Elderly about home fire safety: A qualitative study into home fire safety knowledge and behaviour

M. Karemaker*, G.A. ten Hoor, R.R. Hagen, C.H.M. van Schie, K. Boersma, R.A.C. Ruiter

*Corresponding author for this work

Research output: Contribution to journalArticleAcademicpeer-review


Elderly people are a high-risk group when it comes to fire in their homes and interventions are needed. A needs assessment regarding fire safe behaviour was conducted to 1) establish the perspectives of adults aged 65 years and older concerning fire-related topics, and 2) inform the design of fire safety programs. Qualitative interviews were conducted to study fire safety knowledge and fire safe behaviour among elderly in their home situation. The findings showed that participants lack detailed knowledge about risk behaviours that might cause a fire and their knowledge is limited to sources of fire or moments at which a fire can occur. However, elderly people do take preventive measures such as installing smoke alarms and planning an escape route. Determinants that are found to influence fire safe behaviour among elderly people are risk perception, self-efficacy, habits, and perceived barriers such as physical disabilities. Elderly perceive the risk of home fires as low while feeling confident in their abilities to act in case of a fire. This study broadens the field of fire safety by focusing on behaviours of elderly people and the underlying determinants, but more (quantitative) research is needed to confirm our findings.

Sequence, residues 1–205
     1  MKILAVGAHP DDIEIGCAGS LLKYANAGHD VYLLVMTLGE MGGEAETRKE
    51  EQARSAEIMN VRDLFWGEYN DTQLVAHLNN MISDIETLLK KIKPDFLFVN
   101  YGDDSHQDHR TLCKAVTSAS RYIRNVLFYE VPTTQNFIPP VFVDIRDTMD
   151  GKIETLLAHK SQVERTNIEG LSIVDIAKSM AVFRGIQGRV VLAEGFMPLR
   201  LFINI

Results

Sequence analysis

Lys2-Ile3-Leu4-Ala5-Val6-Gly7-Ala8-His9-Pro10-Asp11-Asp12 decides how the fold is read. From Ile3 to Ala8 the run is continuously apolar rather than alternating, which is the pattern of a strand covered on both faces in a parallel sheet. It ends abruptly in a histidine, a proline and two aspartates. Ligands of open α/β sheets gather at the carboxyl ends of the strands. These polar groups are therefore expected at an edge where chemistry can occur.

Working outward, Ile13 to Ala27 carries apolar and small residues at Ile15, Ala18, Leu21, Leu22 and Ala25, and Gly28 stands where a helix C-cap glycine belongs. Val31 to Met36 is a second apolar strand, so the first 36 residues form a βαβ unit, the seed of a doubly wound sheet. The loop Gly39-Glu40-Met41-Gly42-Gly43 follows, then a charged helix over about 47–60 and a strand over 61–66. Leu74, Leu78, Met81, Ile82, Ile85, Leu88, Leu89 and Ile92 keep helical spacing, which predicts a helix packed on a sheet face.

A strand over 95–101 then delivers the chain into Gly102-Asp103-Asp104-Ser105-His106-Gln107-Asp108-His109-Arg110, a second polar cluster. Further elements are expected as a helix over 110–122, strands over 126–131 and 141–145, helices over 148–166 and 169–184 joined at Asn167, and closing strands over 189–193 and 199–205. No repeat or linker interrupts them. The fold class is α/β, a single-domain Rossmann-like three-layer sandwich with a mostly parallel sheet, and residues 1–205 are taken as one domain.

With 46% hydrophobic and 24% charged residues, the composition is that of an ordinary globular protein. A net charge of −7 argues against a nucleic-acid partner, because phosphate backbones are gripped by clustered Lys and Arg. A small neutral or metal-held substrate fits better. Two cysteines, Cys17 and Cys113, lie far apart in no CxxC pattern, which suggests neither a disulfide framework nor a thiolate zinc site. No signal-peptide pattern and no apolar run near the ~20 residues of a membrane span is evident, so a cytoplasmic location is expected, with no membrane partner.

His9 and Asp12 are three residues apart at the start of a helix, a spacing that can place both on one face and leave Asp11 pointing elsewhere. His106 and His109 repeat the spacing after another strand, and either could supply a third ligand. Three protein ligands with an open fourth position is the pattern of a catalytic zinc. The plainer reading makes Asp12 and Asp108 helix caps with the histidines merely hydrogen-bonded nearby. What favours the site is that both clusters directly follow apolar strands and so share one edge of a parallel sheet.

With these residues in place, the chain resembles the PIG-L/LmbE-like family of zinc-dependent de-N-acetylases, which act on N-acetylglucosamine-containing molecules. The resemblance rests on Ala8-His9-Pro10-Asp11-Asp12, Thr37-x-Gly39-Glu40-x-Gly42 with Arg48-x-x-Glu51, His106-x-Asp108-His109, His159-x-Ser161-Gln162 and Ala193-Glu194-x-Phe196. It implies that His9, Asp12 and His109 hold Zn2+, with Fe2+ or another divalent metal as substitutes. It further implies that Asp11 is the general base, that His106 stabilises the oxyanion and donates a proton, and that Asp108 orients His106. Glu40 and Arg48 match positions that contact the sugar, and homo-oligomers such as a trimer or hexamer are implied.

Original languageEnglish
Article number103391
Number of pages6
JournalFire Safety Journal
Publication statusPublished - 1 Sept 2021


  • Home fire safety knowledge
  • Fire safe behaviour
  • Fire prevention
  • Elderly
  • Qualitative research

Cite this